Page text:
The death of Russian dissident Alexander Litvinenko instantly comes to mind when seeing Mel Gibson’s ‘Edge of Darkness.’
Premeditated, homicidal radioactive poisoning.
Such an assassination by a personalized nuclear weapon has only one notable precedent, and that is the murder of Alexander Litvinenko in London. Since Litvinenko died under British protection, and the producers of ‘Edge of Darkness‘ come from a BBC television series, one can’t possibly deny these connections between fiction and fact.
However, the mainstream press and Wikipedia seem deliberately deaf, dumb, and blind to the obvious. For them, the radioactivity theme is an “environmental issue.”
BBC’s most recent attention to the Death of Alexander Litvinenko as a dissident of neo-Soviet Russia, September 12, 2011, is here.
Not only is Vladimir Putin implicated in this murder, but the book on Litvinenko’s assassination, authored by Alex Goldfarb and Marina Litvinenko, the widow of Alexander, stresses the strong connection between Putin and one of his major benefactors, George Soros.
The brevity of Wikipedia’s attention to the book and Wikipedia’s dismissal of the Goldfarb/Livinenko point of view is profoundly unconvincing. A major disagreement between the likes of Putin and his former benefactor, Boris Berezovsky, is not only likely but, in light of Putin’s undeniably dictatorial reign over Russia, inevitable.
To what extent the ‘Edge of Darkness’ producers, typically to the left of the American political center, wished to deflect the issue of what amounts to the “atomic assassination” of Alexander Litvinenko is open to highly divisive interpretation.
The ‘Edge of Darkness’ film undeniably maligns the American government, American politicians and — with the Jay Saunders character betraying Gibson, his fellow detective — it also stains American law enforcement. The film clearly intends to deflect the attention from England and onto America. It seems to intentionally blur the growing headlines of Russia’s refusal to deport the two Russian suspects in the murder of Litvinenko.
Not unexpectedly, ‘Edge of Darkness”s very French concoction of a film noir anti-hero, Jedburgh (performed with icily charming brilliance by Ray Winstone), is the only British presence on the screen. Robert De Niro had been scheduled for the role but withdrew due to “artistic differences.” England is exonerated totally by the surprising climax. The American establishment and its weapons industry is revealed as entirely at fault for the rather Kamikaze fates of both the Gibson and Winstone characters.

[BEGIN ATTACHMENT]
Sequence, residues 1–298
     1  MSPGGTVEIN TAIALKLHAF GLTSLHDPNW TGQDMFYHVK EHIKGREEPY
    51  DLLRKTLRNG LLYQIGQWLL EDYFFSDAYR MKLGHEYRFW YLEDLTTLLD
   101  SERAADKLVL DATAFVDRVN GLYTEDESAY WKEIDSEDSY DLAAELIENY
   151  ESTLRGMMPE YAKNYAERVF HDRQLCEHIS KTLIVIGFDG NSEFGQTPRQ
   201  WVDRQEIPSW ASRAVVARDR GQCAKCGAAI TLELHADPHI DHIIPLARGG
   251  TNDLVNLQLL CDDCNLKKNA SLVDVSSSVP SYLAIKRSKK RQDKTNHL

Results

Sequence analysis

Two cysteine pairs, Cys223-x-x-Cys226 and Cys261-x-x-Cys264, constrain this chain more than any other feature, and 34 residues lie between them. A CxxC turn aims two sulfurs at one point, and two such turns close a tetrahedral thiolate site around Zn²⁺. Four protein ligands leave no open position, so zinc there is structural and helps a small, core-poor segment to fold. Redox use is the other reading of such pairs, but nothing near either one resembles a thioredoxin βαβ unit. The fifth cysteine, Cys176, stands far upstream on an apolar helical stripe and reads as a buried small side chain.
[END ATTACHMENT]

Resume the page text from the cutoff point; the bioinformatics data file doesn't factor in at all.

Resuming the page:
Marina Litvinenko has admitted that her husband was a British spy. Here’s the possible scenario, if indeed Putin was behind “the atomic poisoning story that will not go away.”
“Leave this message on the doorstep of the entire world, but particularly in the parlors of Russian dissidents, in exile and otherwise: protesting anything within Russia can bring terminally nauseating results!”
We, as they say, “read you loud ‘n clear, sir!!”
Why did Mel Gibson, a devout Catholic, do this exceedingly evasive spin on the death of Litvinenko? Perhaps he thought someone might speak about these obvious connections?
Or perhaps, since Litvinenko performed a sudden and most likely a death-bed conversion to Islam, the translation from Russian homicidal policies to America’s corrupt “State Capitalism” seemed appropriate to Gibson.
The film gets my B+ rating, if only for the myriad questions it raises in my mind. It also introduced me to the most disarming new film personality I’ve seen in quite awhile: Bojana Novakovic as Gibson’s daughter, Emma. Hers is and all-too-brief and breathtakingly un-self-conscious appearance in a film filled with so much “serious acting.”